Paul exhorts 1,500 Mo supporters to hold fast, fight for liberty
BRANSON — Republican presidential candidate Ron Paul, who continues to be a thorn in the side of his party and presumptive nominee John McCain, said Friday night that he won’t endorse McCain or campaign for him.
“I can’t support anybody who supports the war,” Paul said, in a brief interview while he signed hundreds of copies of his book brought to Friday night’s “Freedom Rally” by some of his supporters.
Paul reaffirmed, however, that he won’t conduct a third-party candidacy.
About 1,500 turned out Friday night to hear Paul for an hour at the Tri-Lakes Center. (The estimate came from the building manager; yours truly counted at least 1,000.)
“We need to lead the Republican Party kicking and screaming back to its senses,” he said, in remarks that prompted repeated standing ovations.
Many of those ovations came as Paul laid out his key views:
End the war in Iraq;
Repeal the Patriot Act;
Get rid of the federal income tax;
Eliminate the Federal Reserve Bank;
Get the U.S. out of the UN;
Get the U.S. out of the World Bank, the IMF and other international bodies;
Slash federal spending;
Paul blasted the Bush administration for the way it has attacked terrorism. The U.S. either gives money to countries, or attacks them, he said. The U.S. rarely just talks to nations, Paul added.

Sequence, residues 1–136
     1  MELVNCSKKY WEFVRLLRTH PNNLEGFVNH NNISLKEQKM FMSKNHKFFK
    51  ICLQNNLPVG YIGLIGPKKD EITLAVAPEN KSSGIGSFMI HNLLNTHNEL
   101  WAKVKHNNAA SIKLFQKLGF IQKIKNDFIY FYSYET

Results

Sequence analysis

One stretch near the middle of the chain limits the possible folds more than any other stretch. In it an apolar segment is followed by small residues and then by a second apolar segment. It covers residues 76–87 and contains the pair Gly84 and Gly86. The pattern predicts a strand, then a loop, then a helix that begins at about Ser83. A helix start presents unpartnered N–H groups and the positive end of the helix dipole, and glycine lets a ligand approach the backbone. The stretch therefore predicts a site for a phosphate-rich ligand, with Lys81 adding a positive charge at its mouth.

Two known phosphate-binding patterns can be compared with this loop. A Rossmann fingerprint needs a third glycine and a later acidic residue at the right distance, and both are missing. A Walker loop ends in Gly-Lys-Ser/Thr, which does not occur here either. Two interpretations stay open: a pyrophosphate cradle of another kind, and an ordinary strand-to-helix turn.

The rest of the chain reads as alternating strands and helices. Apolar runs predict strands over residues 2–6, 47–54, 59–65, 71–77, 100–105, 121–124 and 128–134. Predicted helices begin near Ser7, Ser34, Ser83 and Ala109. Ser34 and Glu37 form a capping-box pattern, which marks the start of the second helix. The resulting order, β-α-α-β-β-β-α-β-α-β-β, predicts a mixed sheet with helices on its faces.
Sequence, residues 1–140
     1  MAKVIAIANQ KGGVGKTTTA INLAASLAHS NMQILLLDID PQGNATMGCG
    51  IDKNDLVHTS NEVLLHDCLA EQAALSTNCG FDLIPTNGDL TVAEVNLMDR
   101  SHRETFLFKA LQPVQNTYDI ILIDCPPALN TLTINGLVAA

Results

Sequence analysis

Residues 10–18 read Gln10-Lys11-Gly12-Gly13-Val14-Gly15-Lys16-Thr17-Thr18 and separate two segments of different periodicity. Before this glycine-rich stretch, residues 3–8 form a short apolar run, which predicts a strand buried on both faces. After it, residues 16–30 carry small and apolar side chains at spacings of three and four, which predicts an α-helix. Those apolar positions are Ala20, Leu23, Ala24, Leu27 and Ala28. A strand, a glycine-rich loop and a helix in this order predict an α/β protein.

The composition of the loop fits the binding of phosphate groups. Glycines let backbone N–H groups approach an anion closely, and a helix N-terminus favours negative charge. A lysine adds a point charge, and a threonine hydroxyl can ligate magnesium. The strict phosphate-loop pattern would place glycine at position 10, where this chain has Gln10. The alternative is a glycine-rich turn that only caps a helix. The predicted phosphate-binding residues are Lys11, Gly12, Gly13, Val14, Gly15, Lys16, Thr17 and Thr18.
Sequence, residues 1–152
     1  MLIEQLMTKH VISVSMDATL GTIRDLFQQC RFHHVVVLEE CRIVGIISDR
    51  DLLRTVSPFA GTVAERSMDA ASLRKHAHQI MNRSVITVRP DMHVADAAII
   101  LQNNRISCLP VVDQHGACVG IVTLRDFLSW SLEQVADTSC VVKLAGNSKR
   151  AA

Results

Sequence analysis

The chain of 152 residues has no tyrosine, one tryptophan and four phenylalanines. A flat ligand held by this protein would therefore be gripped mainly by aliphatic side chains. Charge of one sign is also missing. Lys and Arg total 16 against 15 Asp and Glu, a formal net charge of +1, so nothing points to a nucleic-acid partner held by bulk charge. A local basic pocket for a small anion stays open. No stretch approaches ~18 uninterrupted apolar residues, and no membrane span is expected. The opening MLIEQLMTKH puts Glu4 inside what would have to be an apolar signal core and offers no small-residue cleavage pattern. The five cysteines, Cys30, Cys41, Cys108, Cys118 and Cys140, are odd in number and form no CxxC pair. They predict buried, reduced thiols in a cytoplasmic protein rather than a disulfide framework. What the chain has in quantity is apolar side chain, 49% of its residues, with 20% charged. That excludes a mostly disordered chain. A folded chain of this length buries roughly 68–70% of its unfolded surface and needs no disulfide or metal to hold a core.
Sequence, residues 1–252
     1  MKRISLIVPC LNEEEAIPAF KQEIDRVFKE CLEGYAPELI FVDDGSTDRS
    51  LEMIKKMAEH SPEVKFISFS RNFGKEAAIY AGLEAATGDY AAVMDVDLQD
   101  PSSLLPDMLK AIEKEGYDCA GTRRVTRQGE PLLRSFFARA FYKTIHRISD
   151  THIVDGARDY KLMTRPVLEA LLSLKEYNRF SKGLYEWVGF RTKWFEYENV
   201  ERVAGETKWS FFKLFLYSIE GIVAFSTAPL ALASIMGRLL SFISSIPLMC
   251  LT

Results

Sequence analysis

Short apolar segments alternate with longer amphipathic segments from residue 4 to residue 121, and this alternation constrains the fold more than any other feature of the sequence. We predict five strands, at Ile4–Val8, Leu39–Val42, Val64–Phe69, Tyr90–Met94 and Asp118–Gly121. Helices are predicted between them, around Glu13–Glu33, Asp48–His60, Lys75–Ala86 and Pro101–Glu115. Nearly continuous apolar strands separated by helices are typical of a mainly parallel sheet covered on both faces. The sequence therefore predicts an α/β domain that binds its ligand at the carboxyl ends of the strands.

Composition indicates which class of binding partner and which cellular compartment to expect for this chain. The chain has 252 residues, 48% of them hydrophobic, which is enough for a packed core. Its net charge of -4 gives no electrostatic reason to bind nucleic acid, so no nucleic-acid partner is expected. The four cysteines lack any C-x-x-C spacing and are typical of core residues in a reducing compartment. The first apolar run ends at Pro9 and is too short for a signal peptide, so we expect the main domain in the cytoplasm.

The Bush administration seems to focus on bombing countries “incapable of attacking us,” he said, using Iraq as Exhibit A.
Referring to former Iraq leader Saddam Hussein, Paul said, “As bad as he was, he wasn’t a threat to us.”
Paul accused the administration of using terrorists and the war as an excuse to eliminate personal rights.
“…We don’t need secret courts and secret prisons,” he said. “…They say we’re being attacked because we’re free and rich. Their thinking seems to be ‘if we’re less free, they won’t attack us…’ “
Paul also called for a return to habeas corpus (The guaranteed right for a person to go before a judge when charged with a crime.)
Several hundred of the Paul supporters in Branson are to be delegates Saturday morning at the state Republican Party’s once-every-four-years convention.
The delegates and alternates had a private meeting with Paul and his state leaders late Friday night, presumably to discuss how to proceed. About half of the pro-Paul delegates have been challenged by state GOP leaders, so it’s up to the convention to decide if any of them get seated.
In his address, Paul blamed the rise in gasoline prices and the shipping of jobs overseas, in part, to monetary problems that have weakened the U.S. dollar.
“We owe $13 trillion to foreigners,” he said.
He blasted what he called a “flawed monetary system, a flawed economic system…a flawed foreign policy that has to be changed.”
Before the rally, state Treasurer Sarah Steelman stopped by to talk to Paul supporters milling in the lobby as they waited for the doors to open to the auditorium where the rally was held.
Steelman, a Republican running for governor, said later that she did so to appeal for their votes.